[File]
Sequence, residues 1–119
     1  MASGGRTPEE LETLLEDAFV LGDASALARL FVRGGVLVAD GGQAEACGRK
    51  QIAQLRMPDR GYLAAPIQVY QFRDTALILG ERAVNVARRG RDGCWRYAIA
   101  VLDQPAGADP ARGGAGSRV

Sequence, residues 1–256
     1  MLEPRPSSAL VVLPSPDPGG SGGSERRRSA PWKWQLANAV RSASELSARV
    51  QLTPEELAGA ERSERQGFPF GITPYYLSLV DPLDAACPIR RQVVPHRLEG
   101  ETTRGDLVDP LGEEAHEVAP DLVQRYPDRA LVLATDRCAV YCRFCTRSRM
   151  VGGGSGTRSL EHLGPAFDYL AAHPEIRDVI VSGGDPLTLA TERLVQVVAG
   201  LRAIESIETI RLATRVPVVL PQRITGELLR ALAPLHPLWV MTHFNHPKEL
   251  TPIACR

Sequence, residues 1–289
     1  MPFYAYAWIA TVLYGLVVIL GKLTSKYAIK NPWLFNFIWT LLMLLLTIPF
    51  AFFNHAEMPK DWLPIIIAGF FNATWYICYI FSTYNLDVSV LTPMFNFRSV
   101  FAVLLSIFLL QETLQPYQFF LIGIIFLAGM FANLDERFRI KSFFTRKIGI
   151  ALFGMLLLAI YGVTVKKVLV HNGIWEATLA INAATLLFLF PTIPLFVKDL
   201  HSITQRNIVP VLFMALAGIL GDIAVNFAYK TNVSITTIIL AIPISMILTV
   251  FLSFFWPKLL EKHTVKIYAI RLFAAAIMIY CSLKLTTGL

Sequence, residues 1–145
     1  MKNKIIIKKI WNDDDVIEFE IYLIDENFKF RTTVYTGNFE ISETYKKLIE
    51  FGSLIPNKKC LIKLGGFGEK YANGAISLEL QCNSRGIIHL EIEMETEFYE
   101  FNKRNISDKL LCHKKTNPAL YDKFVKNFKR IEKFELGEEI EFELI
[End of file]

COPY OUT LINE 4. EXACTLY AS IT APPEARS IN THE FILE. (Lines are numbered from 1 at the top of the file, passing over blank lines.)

   101  VLDQPAGADP ARGGAGSRV